With their distinctive black and yellow stripes and tendency to hang out in groups, wasps receive attention no matter the time of year. As the weather warms up and spring progresses, you may notice more wasp activity in your yard or around your house.
By now, you’ve probably read headlines about the Asian giant hornets (aka “murder hornets”) that were spotted in Washington state and across the border in Canada. It is important to note that Asian giant hornets have only been confirmed in a small area of Washington and Canada. These wasps have not been observed in South Dakota or our neighboring states.
The arrival of spring in South Dakota means warmer weather and more outdoor activities. However, it also brings an increase in tick activity.
June 06, 2020
Throughout the summer of 2020, SDSU Extension staff are hosting monthly virtual coffee breaks on a variety of topics.
This spring, there have been multiple reports of people seeing large fly-like insects in their yards. These insects are sawflies, and all reports thus far have been the elm sawfly (Cimbex americana).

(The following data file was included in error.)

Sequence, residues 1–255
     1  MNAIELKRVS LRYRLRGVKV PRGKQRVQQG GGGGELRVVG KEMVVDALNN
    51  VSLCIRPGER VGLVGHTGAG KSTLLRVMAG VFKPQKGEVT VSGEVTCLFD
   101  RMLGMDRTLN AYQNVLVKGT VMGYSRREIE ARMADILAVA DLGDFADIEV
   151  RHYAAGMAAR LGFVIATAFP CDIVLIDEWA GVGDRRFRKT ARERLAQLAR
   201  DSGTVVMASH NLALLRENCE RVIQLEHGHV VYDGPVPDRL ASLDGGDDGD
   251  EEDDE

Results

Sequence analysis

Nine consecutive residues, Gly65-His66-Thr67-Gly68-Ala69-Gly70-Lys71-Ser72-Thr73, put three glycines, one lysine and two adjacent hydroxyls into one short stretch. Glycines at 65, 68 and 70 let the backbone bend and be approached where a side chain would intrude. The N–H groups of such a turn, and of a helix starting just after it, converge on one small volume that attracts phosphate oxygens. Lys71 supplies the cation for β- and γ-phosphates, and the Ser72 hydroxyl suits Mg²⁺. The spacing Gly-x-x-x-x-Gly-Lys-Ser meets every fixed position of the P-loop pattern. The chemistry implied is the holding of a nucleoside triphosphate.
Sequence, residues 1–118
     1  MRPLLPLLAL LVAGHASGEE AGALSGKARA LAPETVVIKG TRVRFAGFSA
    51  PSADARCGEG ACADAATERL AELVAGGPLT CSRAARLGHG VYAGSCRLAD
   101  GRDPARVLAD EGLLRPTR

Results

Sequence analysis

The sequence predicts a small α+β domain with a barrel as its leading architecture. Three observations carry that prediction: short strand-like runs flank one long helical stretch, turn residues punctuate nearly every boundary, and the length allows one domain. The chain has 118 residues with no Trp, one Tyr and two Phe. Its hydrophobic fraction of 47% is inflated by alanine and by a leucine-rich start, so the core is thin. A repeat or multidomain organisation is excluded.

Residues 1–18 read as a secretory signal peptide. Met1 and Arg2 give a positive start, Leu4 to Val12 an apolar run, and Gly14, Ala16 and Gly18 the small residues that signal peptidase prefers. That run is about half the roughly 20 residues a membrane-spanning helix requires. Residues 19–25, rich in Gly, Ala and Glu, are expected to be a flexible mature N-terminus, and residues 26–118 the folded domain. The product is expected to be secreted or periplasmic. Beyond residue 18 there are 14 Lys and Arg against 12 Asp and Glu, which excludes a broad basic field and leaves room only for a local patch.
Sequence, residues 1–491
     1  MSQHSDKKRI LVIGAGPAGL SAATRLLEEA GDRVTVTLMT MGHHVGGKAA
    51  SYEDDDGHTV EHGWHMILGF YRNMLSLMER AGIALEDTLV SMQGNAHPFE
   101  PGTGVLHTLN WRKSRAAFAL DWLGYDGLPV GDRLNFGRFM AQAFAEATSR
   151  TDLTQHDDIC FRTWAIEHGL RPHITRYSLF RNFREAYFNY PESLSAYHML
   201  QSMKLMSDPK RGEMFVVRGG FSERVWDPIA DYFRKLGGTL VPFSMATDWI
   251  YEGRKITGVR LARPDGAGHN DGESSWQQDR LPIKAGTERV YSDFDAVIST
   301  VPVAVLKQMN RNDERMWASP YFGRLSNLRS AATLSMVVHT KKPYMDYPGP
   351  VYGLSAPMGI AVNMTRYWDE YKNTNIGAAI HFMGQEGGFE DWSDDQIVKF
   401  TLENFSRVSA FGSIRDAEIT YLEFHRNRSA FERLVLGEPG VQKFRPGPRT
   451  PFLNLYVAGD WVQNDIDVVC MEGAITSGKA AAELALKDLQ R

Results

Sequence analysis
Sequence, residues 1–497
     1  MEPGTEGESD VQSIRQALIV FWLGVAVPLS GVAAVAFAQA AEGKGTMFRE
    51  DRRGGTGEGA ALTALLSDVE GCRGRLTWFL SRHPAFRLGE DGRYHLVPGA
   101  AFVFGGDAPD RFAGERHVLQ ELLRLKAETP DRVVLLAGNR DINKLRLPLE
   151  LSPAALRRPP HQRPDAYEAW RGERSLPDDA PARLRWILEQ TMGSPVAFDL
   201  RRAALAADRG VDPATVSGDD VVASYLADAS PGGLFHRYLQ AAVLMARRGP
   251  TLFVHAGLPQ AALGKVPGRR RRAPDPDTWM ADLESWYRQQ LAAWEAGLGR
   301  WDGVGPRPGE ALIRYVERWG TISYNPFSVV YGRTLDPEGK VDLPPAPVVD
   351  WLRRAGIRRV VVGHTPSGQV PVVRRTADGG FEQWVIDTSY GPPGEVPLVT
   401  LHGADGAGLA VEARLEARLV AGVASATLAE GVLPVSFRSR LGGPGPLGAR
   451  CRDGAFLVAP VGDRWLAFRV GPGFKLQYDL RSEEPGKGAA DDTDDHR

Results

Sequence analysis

Alfalfa weevil populations are high this year, creating challenges for producers. Questions have arisen on how to get some value out of the forage by grazing it rather than putting it up for hay.
While research has shown that pollinators, specifically honey bees, can’t survive on dandelion pollen alone, this doesn’t mean that the dandelions aren’t still important for pollinators.
In this lesson, participants will learn how plants reproduce and how to identify pollinators that help plants.
Another insect that has been mistaken for the Asian giant hornet (also known by its media-popularized name of ‘murder hornet’) is the horntail wasp. Horntail wasps are wood-boring insects that are harmless to humans, as they do not have venom and cannot sting.